Friday, November 29, 2013

An Ounce of Prevention: 'Are You TOO NEEDY in Relationships?'


There's nothing like hearing things from a man's point of view, which is why I go on men's websites to do a bit of "eavesdropping" from time to time.

According to "5 Signs of a Needy Woman":

A needy woman can be among the most frustrating aspects of a man’s romantic life. The problem is, a lot of chicks have no clue when they're acting like the human version of Velcro. Whether her needy behavior is subtle or overtly obvious, it can cause a lot of unnecessary and exhausting drama and put a major strain on your relationship. Below are five signs that will help you recognize whether or not your dating a needy woman.

1. She wants to stay in touch all the time. A needy woman will blow up your phone with a gazillion calls and text messages along with excessive emails. She also expects you to call and text her multiple times a day. She needs to know where you're going at all times and will begin to feel restless and angry if you are late contacting her.

2. She wants your attention all the time. A needy woman feels like she deserves your attention at all times, even if your busy talking to someone else, working on something or just relaxing by yourself. She demands to be by your side as often as possible and hand-holding and nonstop body contact is mandatory. She's a controlling woman who feels as if she owns you and discourages you from spending time with your friends.

3. She thinks you don't love her as much as she loves you. A needy woman demands to analyze everything about your relationship and thinks that constantly bringing up problems in the relationship will make you a better man. She'll tell you that she feels like she's the only one trying to hold the relationship together, and if she doesn't see you wearing the shirt she bought you three months ago, she thinks that you don't care about her anymore.

4. She's constantly worried about being dumped. If you forget to say "I love you" at the end of a conversation, she thinks the relationship is coming to an end. Due to previous disappointments and painful experiences with men, she is a psychologically unstable individual who needs constant reassurance that you are still there and haven't dumped her.

5. She has no life of her own. She's afraid to have her own interests, always glues herself to you and follows you around all the time instead of doing her own thing. She wants to spend every bit of her free time with you and wears out her welcome rather quickly.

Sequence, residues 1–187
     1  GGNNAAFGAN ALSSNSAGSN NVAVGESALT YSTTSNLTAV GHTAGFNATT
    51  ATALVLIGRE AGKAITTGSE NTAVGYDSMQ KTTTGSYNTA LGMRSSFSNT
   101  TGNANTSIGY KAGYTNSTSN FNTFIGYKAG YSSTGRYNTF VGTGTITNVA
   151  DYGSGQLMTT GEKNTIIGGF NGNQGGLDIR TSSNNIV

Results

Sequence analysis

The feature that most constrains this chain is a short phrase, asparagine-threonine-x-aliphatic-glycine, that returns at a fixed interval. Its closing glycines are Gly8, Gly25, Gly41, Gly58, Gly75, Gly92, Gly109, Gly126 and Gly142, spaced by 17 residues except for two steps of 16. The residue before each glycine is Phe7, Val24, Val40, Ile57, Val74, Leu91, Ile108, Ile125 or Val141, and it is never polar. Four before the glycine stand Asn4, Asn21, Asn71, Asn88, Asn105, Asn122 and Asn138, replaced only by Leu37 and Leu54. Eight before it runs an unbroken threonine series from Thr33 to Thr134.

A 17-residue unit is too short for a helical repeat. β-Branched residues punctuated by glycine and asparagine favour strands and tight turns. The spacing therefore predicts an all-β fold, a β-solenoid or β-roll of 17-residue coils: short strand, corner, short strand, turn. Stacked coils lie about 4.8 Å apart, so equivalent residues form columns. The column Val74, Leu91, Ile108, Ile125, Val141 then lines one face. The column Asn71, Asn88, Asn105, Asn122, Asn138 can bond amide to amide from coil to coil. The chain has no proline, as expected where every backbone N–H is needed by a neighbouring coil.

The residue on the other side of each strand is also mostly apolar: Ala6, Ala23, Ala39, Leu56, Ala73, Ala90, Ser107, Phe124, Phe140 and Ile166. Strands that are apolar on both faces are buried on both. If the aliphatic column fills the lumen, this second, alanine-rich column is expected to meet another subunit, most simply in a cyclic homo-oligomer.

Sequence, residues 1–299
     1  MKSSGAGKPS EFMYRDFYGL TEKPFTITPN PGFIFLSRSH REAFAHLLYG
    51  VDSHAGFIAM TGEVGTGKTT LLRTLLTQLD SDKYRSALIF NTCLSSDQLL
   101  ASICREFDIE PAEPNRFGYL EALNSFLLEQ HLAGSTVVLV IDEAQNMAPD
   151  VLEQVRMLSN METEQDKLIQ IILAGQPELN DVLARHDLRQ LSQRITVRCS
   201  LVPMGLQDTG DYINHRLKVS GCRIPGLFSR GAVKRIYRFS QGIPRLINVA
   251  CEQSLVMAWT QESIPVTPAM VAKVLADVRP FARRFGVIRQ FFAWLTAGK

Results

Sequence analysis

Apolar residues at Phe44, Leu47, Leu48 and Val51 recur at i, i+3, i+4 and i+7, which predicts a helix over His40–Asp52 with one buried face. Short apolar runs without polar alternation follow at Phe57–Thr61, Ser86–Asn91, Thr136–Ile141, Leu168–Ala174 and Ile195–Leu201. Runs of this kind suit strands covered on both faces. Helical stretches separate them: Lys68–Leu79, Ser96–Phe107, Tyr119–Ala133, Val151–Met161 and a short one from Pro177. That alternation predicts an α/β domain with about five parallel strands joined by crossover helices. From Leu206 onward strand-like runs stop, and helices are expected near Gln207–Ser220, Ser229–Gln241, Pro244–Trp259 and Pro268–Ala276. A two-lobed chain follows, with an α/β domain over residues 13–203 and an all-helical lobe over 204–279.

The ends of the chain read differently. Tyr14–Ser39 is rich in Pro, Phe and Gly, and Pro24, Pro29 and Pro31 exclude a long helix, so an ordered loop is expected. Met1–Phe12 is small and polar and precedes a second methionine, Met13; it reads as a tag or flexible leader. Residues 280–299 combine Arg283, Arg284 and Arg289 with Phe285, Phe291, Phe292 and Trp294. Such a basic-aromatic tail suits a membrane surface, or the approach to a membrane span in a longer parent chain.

Which led me to another article I read from a young cat (25) entitled "5 Signs You're Being Needy":

1 – You call, email, and/or text too much. If you’re over-communicating your partner, you’re bound to be single. You don’t need to be checking in every two hours. If you want to run a woman or man off quickly, this is one of the best ways to do it.

2 – You are overly-emotional. You share all of your feelings right away and you always doubt yourself. You need constant reassurance about your relationship, work and friendships. That is a instant turnoff. Most people interested in a relationship look for a strong partner they can lean on. So if you are always leaning on your partner, they might doubt your ability to do this. Remember, women and men want a partner who is confident and independent–not insecure and dependent.

3 – You are always available. This means you’re too available. Nobody wants a man/woman who are always available because it makes them think that you don’t have a life of your own, making you far less desirable. Being a challenge to your partner makes you more desirable. When you meet someone you like, show interest in them, but ensure that you keep your regular schedule and don’t be available every single day.

4 – You do whatever they want. You let your partner walk all over you and then continue to be a doormat and allow it over and over, giving up things you really value in an effort to align your life with their wishes. This is a instant turnoff no matter what their actions are displaying. Women and men are not looking for a partner who agrees with everything they say. They are looking for someone confident who can stimulate their minds and not bore them. Don’t be a yes man or yes woman.

5 – You need constant reassurance. You constantly need to hear how great you are and you constantly need your partner to stroke your ego. This is a sign that you have low-self esteem, high insecurities and a poor self-image of yourself. This behavior can become tiresome to most people because they don’t want to deal with a partner that needs constant assurance.

Which finally led me to an article that a woman wrote: "5 Ways We Sabotage Our Relationships". Because although you really can lose a good man by being needy, there are other ways that you (YOU) can bring your relationship to an end as well:

1. Needing To Be Right: If it is more important to you to be right or have the last word than to have a loving and close relationship, this will get in the way for you time after time.

2. Trying To Control Others: When you think you can change the way others act and feel, it's a no win situation.  You will be constantly frustrated and the other person will feel judged and put down.  This leads to both of you shutting down and no problems solved.

3. Withdrawing: If you don't talk about what's bothering you or leave a discussion without being honest or start doing more things with others, then you have become emotionally unavailable to your partner.  Once disengaged you will both feel hurt and rejected and alone and no problems get resolved.